Rehabilitation of Stream Ecosystem Functions through the Reintroduction of Coarse Particulate Organic Matter

    Kane T. Aldridge
    Abstract In streams, coarse particulate organic matter (CPOM) acts as a substrate for microbial activity, which promotes nutrient retention. However, in urban areas, increased peak flows within streams lead to decreased retention of CPOM. The aim of this study was to investigate whether the reintroduction of CPOM, in the form of leaf litter, into a degraded urban stream would increase biofilm activity and phosphorus retention, two ecosystem functions that reflect the integrity of the ecosystem. Stream metabolism and nutrient retention were assessed in treated (T) and control (C) channels of the Torrens River Catchment, South Australia, before and after CPOM addition. Gross primary production and community respiration (CR) were measured as oxygen production and consumption within benthic chambers. Phosphorus retention was measured through a series of short-term filterable reactive phosphorus (FRP) addition experiments. Before CPOM addition, there were no differences in CR, but C retained 6.8% more FRP than T. After CPOM addition, CR was greater in T than in C (572 and 276 mg O2·m,2·day,1, respectively), and T retained 7.7% more FRP than C. The increase in FRP retention in T compared to C was attributed to phosphorus limitation of the CPOM and increased demand for phosphorus of the attached microbial heterotrophic community. The reintroduction of CPOM into degraded streams will be an important step in the restoration of stream metabolism and nutrient retention. Maintenance of CPOM may be achieved through restoration of riparian vegetation, a reduction in the increased peak flows, and rehabilitation of stream morphology. [source]

    Diminishing Spatial Heterogeneity in Soil Organic Matter across a Prairie Restoration Chronosequence

    Diana R. Lane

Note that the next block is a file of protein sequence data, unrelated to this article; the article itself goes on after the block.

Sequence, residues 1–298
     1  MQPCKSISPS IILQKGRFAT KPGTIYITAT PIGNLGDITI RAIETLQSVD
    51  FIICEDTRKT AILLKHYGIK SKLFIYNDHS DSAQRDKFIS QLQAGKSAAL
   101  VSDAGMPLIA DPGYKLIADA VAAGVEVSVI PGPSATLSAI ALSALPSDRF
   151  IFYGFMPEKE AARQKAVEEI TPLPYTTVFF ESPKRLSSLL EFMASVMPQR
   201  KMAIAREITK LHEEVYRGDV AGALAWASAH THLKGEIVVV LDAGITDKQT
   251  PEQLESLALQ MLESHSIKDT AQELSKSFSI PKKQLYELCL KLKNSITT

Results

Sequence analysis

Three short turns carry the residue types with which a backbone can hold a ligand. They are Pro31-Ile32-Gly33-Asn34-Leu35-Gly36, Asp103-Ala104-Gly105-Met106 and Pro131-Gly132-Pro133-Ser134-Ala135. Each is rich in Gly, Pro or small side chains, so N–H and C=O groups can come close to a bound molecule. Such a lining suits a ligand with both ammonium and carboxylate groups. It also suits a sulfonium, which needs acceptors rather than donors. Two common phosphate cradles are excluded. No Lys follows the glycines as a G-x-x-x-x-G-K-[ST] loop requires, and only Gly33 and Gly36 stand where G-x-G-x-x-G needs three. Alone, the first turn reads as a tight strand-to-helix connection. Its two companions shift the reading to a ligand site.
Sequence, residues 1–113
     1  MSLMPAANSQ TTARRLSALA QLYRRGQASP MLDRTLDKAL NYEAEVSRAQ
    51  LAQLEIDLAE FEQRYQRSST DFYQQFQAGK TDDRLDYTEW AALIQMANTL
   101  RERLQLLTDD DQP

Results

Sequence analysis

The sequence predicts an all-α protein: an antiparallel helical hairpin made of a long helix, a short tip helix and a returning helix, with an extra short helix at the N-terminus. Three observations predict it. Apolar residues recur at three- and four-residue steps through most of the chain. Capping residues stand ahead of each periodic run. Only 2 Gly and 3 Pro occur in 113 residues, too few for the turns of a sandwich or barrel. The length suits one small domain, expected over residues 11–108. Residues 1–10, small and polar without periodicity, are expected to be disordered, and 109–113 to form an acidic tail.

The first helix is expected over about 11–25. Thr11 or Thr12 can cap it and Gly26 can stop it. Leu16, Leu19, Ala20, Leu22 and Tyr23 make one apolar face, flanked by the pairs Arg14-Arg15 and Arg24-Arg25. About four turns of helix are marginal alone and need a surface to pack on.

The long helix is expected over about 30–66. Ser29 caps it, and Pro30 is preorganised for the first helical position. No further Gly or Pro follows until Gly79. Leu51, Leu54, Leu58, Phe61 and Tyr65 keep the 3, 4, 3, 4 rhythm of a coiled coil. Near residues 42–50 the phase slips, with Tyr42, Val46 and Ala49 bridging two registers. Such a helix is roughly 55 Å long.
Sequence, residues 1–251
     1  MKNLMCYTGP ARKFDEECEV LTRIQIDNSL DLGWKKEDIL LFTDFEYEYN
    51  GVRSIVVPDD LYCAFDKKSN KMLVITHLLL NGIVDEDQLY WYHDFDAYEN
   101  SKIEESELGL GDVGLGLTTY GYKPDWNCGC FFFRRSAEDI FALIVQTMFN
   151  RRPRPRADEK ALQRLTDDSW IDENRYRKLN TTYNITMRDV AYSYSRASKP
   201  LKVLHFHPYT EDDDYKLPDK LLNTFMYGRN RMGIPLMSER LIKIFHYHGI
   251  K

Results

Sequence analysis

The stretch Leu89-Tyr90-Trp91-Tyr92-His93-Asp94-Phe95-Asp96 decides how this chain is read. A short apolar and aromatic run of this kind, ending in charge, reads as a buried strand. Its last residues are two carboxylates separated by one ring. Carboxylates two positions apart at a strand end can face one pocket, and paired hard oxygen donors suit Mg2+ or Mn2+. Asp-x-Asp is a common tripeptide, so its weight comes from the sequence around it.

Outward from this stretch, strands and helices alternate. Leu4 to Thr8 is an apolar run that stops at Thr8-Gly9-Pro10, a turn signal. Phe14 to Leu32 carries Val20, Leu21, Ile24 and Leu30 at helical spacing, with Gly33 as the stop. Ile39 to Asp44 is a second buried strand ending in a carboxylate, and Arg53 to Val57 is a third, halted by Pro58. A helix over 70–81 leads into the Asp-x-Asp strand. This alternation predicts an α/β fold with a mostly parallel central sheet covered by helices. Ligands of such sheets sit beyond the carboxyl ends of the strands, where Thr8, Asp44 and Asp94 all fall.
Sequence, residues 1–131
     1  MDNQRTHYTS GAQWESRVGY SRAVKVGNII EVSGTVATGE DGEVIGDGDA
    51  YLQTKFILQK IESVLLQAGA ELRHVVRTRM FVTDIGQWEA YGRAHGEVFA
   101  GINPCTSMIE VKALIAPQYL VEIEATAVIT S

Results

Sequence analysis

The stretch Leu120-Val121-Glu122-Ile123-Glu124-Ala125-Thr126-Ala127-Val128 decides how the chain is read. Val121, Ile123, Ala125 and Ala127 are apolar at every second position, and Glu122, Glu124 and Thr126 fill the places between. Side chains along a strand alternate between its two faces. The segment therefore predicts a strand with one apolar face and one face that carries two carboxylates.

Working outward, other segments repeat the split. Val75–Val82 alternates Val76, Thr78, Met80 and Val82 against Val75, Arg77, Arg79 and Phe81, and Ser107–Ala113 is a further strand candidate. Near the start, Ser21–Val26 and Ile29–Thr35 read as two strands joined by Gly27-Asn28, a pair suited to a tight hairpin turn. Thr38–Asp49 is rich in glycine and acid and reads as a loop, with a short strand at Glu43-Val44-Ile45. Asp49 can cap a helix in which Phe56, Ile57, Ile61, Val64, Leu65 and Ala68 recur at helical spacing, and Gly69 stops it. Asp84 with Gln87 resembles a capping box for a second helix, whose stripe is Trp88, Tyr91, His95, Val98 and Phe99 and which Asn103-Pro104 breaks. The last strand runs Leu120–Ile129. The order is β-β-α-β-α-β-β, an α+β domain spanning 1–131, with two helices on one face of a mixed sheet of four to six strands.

Abstract Habitat restoration resulting in changes in plant community composition or species dominance can affect the spatial pattern and variability of soil nutrients. Questions about how these changes in soil spatial heterogeneity develop over time at restoration sites, however, remain unaddressed. In this study, a geostatistical approach was used to quantify changes over time in the spatial heterogeneity of soil organic matter (SOM) across a 26-year chronosequence of tallgrass prairie restoration sites at FermiLab, outside of Chicago, Illinois. We used total soil N and C as an index of the quantity of SOM. We also examined changes in C:N ratio, which can influence the turnover of SOM. Specifically, the spatial structure of total N, total C, and C:N ratio in the top 10 cm of soil was quantified at a macroscale (minimum spacing of 1.5 m) and a microscale (minimum spacing of 0.2 m). The magnitude of spatial heterogeneity (MSH) was characterized as the proportion of total sample variation explained by spatially structured variation. At the macroscale, the MSH for total N decreased with time since restoration (r2= 0.99, p < 0.001). The decrease in spatial heterogeneity over time corresponded with a significant increase in the dominance of the C4 grasses. At the microscale, there was significant spatial structure for total N at the 4-year-old, 16-year-old, and 26-year-old sites, and significant spatial structure for total C at the 16-year-old and 26-year-old sites. These results suggest that an increase in dominance of C4 grasses across the chronosequence is homogenizing organic matter variability at the field scale while creating fine-scale patterns associated with the spacing of vegetation. Areas of higher soil moisture were associated with higher soil N and C at the two oldest restoration sites and at the native prairie site, potentially suggesting patches of increased belowground productivity in areas of higher soil moisture. This study is one of the first to report significant changes over time in the spatial structure of organic matter in response to successional changes initiated by restoration. [source]